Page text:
A bouquet of portmanteaus (and one libfix) recently noted, from crapvalanche to repuglican.
Archive for June, 2012
From Gail Collins’s affectionate remiscence of Nora Ephron this morning in her NYT op-ed column (“The Best Mailgirl Ever”):
We talked about the grand saga of how the bad old days gave way to the women’s movement one afternoon while she was cooking lunch in the apartment on the East Side where she lived with her husband, Nick Pileggi.
I was envisioning the bad old days giving way to the women’s movement one afternoon right there in Ephron’s kitchen, but then I got to Nick Pileggi and realized I’d succumbed to the lure of Low Attachment, with the one afternoon while … adverbial modifying the lower clause the bad old days gave way to the women’s movement, rather than the higher clause we talked about the grand saga of how the bad old days gave way to the women’s movement. (On attachment ambiguities, see here and here.)
Low Attachment is the default, but other factors favor High Attachment in certain contexts. Here, real-world plausibility certainly favors High Attachment — but the head verb of the lower clause is considerably closer to the adverbial, which tempts the reader towards Low Attachment. Too bad.
From Arne Adolfsen in Facebook, a link to a story on the science of the Creation Museum in Kentucky, with this photo:
That’s Adam in the Garden of Eden, with two animal friends, including a penguin who appears to be investigating Adam’s private parts. This would be before the episode of the serpent, since Adam is figleafless.
A few days ago I posted on “Mickey Mouse in the old days”, ending with a clearly homophobic strip from 1931 involving a slur cream-puff inhaler, which I couldn’t find in slang sources, but speculated it involved cream-puff ‘weaking, male homosexual’ and inhaler suggesting sucker. I then added a recent revision of the strip, in which cream-puff inhaler has become cake-eater, and I wondered about cake-eater.
Commenter “rubberchickencircuit” then asserted:
In 1920s slang, a cream-puff inhaler was a straight guy who slummed with gay guys, which Mickey is accusing Kat Nipp of being. (Kat Nipp is a villain whom Mickey hadn’t met at this point in the story—he guessed the gay guy might be him.)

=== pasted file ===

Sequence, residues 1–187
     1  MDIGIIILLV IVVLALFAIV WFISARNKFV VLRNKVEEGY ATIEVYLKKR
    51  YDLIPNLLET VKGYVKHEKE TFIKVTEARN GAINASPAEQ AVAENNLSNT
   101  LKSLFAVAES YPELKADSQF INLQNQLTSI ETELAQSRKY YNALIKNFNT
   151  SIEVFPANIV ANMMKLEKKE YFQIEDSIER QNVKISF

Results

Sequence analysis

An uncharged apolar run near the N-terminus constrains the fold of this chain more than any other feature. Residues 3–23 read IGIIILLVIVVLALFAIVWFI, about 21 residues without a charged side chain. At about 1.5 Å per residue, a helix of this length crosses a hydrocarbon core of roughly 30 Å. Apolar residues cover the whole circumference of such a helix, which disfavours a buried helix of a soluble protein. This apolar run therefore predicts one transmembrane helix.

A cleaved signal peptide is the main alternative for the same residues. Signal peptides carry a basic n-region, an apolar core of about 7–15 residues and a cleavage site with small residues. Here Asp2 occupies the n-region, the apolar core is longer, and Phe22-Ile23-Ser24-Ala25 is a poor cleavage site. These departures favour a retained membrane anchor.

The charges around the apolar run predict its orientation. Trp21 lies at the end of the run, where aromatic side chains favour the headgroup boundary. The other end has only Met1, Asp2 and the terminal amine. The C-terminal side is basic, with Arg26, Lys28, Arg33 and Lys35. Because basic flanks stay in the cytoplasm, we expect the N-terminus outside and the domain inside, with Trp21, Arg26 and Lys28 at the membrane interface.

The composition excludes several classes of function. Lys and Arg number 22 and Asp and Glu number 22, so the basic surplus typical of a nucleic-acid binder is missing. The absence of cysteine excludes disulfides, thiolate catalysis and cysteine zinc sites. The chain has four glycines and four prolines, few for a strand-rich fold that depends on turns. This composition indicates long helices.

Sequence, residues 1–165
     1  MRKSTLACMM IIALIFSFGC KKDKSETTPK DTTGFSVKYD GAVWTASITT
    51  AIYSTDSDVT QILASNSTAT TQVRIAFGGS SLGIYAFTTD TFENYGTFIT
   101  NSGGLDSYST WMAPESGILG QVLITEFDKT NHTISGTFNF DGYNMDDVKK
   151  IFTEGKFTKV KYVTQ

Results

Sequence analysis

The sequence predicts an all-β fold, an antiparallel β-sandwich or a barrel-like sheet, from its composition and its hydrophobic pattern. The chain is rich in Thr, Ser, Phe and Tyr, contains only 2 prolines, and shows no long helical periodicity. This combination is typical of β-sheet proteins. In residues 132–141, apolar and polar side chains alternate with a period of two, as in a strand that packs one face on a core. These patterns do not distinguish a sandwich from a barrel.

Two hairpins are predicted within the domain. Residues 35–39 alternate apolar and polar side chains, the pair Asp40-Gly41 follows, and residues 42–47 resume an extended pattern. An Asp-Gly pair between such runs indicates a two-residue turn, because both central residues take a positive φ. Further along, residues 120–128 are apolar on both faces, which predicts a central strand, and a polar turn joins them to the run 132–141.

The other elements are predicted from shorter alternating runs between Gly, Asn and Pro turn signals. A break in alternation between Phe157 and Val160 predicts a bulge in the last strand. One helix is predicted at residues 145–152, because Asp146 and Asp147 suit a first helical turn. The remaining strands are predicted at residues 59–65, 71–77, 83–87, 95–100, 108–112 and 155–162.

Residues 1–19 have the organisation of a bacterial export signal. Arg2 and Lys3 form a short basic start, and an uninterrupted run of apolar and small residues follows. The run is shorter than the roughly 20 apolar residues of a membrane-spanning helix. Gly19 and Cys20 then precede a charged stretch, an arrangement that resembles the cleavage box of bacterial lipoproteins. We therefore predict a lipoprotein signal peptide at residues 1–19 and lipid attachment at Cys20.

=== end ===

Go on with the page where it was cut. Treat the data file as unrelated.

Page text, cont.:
In the rewrite, a cake-eater was a guy who flirted with unattractive women so that he could mooch money or food (i. e. cake) off of them. Also makes sense in context. [In the revision, the gay guy has become a (not very attractive) girl.]
Suspicious of these claims, I asked for a source for them, but haven’t gotten an answer. At the same time, I told the story to ADS-L and asked there for information on the slang. An answer (on the 25th) from Jon Lighter, editor of the Historical Dictionary of American Slang (HDAS), began:
Sounds like BS to me.
Now for some details.
From Dean Allemang two days ago, a report of the portmanteau bac(k)ne ‘back acne’ and the related buttne ‘buttocks acne’, which turn out to be the leading edge of formations in -ne /ni/ ‘acne’.
NPR’s Morning Edition enlivened its series of stories on meat eating this morning with listeners’ suggestions for a Meat Week Theme Song, all of them puns:
Steak, Waddle, and Roll
Loin on Me
Another One Bites the Duck
I’m in a New York Steak of Mind
Liver Let Die
I Wanna Hold Your Ham
The last appeared to be the staff’s favorite, the wurst of the lot.
Back on Language Log in 2006, I looked at manglings of my name, in writing and in speech. New examples continue to appear. Yesterday, from Equality California, a mailing to
with the very frequent S for Z, plus a perseveration of the S into the second syllable. A while back, mail for
presumably by hybridization of entries in a big mailing list. Before that, mail from the SF LGBT Center for
a replacement of my (relatively uncommon) first name with a more ordinary one. In 2006 I reported
Ronald, Donald, Harold, Albert, Leonard, Howard
and added Andrew, but since then I’ve collected Herbert and Robert — and now Randy. Trochaic names rule.
Just call me Ishmael.
From several different sources:
From the Oreo people. I’m not sure what the significance of June 25th is; this year, many pride parades were on Sunday the 24th, and Stonewall Day (commemmorating the Stonewall Inn riots in NYC) is the 28th. But the visual is nice.